Tonawanda News — Facing a road block
Davis wasn’t expecting to come off the bench in college. But after a year of fighting through excruciating pain in his foot, he was forced to deal with the reality that something wasn’t right.
”There wasn’t just one pop or anything like that. It was a gradual thing,” he said. “Throughout the preseason of my freshman year my Achilles started to bother me. I sort of shrugged it off and kept playing until one day specifically I was trying to run and I just couldn’t. I tried to walk off the court and I just couldn’t walk.”
Being a freshman and in a competitive environment trying to earn playing time, Davis didn’t want to sit out and feared what was crippling him every time he went too hard on the court.
”I pushed it too far when I should have sat out right away,” he said. “I ended up (developing the condition) and ever since then it hasn’t gone away. It’s something that just reoccurs. I spent all of last year rehabbing and trying to get it back to full strength. It will feel good at some points and worse at others. It’s definitely better than it was last year.”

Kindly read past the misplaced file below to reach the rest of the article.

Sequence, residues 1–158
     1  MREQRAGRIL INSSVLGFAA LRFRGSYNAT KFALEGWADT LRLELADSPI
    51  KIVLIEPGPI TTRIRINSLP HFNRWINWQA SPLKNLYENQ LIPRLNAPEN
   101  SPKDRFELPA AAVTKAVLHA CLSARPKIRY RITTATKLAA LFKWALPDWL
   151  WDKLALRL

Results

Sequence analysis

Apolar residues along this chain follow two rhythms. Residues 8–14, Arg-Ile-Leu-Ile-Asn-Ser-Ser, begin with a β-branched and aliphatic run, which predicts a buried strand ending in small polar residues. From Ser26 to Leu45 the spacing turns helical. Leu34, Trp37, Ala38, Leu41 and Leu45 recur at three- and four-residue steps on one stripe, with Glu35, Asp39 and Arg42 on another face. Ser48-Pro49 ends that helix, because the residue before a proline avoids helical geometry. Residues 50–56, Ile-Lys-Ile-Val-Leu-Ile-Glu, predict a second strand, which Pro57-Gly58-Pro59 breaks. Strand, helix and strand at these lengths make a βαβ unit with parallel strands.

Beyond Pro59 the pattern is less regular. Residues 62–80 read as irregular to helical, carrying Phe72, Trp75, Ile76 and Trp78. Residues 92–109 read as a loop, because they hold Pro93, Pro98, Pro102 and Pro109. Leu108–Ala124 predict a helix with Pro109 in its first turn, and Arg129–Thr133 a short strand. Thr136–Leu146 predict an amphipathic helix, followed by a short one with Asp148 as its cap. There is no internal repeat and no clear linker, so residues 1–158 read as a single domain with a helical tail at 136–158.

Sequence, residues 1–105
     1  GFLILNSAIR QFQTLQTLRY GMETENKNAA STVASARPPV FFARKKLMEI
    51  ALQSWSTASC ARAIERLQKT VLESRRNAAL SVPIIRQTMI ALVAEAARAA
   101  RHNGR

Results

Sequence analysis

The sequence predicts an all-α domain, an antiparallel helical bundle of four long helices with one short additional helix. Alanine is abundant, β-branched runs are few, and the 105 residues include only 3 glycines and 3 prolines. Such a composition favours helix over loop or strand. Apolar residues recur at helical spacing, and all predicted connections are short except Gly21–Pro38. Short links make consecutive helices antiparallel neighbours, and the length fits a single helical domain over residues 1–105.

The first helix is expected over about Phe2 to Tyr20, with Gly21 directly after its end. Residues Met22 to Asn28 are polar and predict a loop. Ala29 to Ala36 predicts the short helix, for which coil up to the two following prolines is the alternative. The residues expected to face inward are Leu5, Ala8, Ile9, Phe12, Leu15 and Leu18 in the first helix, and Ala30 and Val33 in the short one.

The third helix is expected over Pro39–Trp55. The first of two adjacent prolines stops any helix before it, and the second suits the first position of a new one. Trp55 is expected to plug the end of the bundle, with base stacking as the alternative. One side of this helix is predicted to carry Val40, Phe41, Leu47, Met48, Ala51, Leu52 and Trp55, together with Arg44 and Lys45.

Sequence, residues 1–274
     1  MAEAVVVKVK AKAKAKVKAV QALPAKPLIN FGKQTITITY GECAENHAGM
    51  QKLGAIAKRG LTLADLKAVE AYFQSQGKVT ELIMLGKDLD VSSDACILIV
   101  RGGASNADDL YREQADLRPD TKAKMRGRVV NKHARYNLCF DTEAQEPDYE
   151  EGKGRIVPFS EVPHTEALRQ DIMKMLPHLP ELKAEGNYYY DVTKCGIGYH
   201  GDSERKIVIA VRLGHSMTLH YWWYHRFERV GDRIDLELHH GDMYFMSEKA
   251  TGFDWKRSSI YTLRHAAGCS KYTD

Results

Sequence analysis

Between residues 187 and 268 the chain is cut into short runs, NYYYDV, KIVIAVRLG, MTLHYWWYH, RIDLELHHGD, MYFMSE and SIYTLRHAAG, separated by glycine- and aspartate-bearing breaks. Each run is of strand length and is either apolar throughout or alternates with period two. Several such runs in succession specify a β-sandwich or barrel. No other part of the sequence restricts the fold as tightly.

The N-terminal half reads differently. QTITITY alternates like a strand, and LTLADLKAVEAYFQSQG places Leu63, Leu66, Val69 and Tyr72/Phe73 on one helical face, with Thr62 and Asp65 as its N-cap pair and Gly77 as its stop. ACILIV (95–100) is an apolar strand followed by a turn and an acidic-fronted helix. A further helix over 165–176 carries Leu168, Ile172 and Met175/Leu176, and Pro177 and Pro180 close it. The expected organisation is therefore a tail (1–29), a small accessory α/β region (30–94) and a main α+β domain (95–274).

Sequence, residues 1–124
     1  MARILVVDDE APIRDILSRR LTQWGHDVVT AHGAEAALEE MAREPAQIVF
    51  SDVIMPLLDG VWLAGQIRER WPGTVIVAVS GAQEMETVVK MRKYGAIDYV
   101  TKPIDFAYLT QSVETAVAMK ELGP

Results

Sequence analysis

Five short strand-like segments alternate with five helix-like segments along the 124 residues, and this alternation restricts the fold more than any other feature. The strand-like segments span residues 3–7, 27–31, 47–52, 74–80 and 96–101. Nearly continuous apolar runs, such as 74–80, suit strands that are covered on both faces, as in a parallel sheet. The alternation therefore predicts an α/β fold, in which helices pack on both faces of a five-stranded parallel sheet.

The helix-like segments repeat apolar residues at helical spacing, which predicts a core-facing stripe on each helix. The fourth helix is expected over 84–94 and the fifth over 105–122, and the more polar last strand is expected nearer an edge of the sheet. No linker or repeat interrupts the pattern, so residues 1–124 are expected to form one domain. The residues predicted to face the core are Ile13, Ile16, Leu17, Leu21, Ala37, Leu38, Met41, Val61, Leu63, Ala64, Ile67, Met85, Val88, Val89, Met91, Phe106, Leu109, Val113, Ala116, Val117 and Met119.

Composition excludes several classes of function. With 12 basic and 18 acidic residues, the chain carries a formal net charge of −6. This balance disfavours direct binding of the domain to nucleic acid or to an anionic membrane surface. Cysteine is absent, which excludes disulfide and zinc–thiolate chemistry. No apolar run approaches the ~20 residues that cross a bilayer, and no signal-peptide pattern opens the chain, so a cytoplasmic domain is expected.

The most frustrating part of the injury is that it’s never going to completely heal. Davis will have to play through pain, sometimes an unbearable amount, to continue his basketball career. But his passion for basketball goes back to his childhood, and he’s overcome injuries before.
Road to the top
Davis fell in love with hoops at an early age, mainly because of his older brother Andrew Davis. The two quickly became inseparable in the early stages of their youth and Andrew Davis, a Lumberjack great in his own right finishing his basketball career as the school’s eighth all-time leading scorer, pushed his brother in every sport they played. Davis attributes his competitive fire to his older brother and that characteristic convinced former Jacks basketball coach Erik O’Bryan to bring Davis up to the varsity team as an eighth-grader.